Well, no. I won't admit that because it's a silly hypothetical. It's a silly hypothetical because games of alternate history are always absurd, and also because the question is meaningless. Worse off for whom? Worse off for the Soviets? Probably, although it's hard to say too many good things about Stalin. Worse off for the Indians? Subhas Chandra Bose, a Japanese ally, had a lot to do with getting them independence in the first place, so it's hard to say. Worse off for the Chinese? The Iraqis? The Mexicans? For whom?

That these questions get asked in the first place is emblematic of how important the war is for Americans. It's crucial for us to believe that it had some cosmic meaning — that the universe ordained a climactic battle between Good and Evil, and that we were Good, and that Good won. But it wasn't. It was a stupid caveman squabble, fought at the whim of stupid cavemen leaders for stupid cavemen reasons. It didn't matter. The soldiers fighting for Germany were not really fighting for the glory of the Reich. The soldiers fighting for Japan were not really fighting for the honor of the god-emperor.

Nor were the soldiers on the Allied side fighting for freedom, or any other abstract ideal (nor, indeed, did they themselves think so — this being mostly a cheerleading story conducted by morale organizations for the benefit of the homefront). The most noble were fighting for revenge (for example, over the attack on Pearl Harbor). More were fighting for baser reasons, like survival. Most, at remove, were fighting for the worst reason of all, which is that they had been told to, and they saw no other option (modulo desertion, which was endemic for the Allies, and somewhat less of a problem for the Axis, for various reasons).

This has been the story for conflicts throughout human history; it is not particularly special here. Indeed in its causes World War II is very ordinary. It is special only in its terrifying brutality, and in the universality of this brutality. Everyone saw no problem in mass slaughter; everyone considered civilians to be valid targets. Everyone torpedoed merchant boats; everyone strafed blindly from the air, everyone endorsed area bombing.

That's what World War II was, at the end of it. Stripped of the propaganda and the Hollywood, it was a period of time in our history when everyone on both sides are equally guilty of endorsing, and then engaging in, the commitment of the entire state to the purposes of reducing people to rubble. To subjecting them to brief or extended agonies, to maiming them, to rendering them mad. The best minds in science, the most capable leaders, the strongest workers, all turned to the end of reducing another's exit from this earth to one of pain, and terror, and suffering.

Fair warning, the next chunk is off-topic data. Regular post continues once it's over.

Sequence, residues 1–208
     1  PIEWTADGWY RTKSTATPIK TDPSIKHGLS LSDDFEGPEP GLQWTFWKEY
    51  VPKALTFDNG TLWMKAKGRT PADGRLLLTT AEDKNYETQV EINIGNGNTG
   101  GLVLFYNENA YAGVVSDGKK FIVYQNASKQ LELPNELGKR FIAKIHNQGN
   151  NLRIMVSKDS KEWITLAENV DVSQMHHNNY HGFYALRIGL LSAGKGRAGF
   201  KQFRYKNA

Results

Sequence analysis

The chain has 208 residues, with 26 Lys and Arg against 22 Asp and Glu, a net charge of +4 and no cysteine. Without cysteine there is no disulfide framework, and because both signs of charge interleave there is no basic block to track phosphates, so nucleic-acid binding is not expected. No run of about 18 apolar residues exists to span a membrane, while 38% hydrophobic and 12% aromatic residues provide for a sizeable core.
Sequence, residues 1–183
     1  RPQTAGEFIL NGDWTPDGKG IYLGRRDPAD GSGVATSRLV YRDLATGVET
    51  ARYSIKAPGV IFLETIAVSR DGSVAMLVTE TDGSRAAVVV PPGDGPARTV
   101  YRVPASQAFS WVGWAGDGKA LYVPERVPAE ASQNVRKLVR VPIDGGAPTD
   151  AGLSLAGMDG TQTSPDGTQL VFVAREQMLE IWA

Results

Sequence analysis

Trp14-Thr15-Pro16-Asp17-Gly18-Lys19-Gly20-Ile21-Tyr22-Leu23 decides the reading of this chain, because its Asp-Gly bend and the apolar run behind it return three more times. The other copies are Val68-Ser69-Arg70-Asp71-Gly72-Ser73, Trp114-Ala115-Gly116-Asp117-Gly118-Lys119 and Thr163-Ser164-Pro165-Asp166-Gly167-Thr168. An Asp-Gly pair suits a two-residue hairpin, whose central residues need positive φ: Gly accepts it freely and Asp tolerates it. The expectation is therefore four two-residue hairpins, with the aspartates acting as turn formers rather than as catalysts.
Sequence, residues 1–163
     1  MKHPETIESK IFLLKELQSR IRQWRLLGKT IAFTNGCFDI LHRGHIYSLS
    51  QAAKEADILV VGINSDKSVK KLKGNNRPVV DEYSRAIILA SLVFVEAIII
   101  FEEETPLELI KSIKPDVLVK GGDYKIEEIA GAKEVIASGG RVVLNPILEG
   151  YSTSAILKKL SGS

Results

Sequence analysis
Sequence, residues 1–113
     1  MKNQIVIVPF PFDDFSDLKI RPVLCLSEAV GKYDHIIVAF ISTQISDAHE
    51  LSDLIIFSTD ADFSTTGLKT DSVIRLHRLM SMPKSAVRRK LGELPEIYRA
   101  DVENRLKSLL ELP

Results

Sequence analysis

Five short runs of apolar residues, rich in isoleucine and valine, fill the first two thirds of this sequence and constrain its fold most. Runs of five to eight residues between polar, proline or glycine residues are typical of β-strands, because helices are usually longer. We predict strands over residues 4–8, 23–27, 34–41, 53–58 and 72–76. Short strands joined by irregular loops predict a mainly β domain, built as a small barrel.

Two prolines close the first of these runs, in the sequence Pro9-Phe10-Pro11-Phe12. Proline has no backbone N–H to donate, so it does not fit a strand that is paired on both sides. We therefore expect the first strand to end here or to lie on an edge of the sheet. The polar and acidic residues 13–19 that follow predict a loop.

There is nothing noble in this, nor glorious. It is one of mankind's great shames that we permitted it to occur.


"But we were different." "But we needed to fight." "But they attacked first." "But our cause was noble." "But they did x, and we never did y." Yes. I know. I grew up in the United States; I was steeped in military history as a kid all the way up until the time I studied it at university. I know the reflexive reaction.

I think, in general, it's the Americans and British who disagree — not the people reading this, necessarily, but I first started writing this in response to a discussion thread I saw and resurrected it for similar reasons. We, by which I mean Americans, et al., are the ones groping for the need to defend an orgy of destruction in which tens of millions died and millions of tons of steel, and food, and energy were wasted for the purpose of slaughter. It's the Germans I know who seem to understand this. To a degree the French do, though they learned the folly of empire a few years later in Indochina. And judging from the Germans I know, I think we'd be a lot better off if we could admit the absurdity of the desire to justify our crimes to ourselves.

We as humans were guilty. All of those participant countries. We did terrible things, and at the end of the day, nobody who picked up a gun had to. We did, because as humans we are a species as flawed as we are beautiful. World War II was a flaw.

"But —"

27.01.2013 - 3h39
27.01.2013 - 3h40
27.01.2013 - 3h41
27.01.2013 - 3h43
Comrade Alex
27.01.2013 - 5h38
Comrade Alex
27.01.2013 - 5h39
2.02.2013 - 4h23
2.02.2013 - 5h11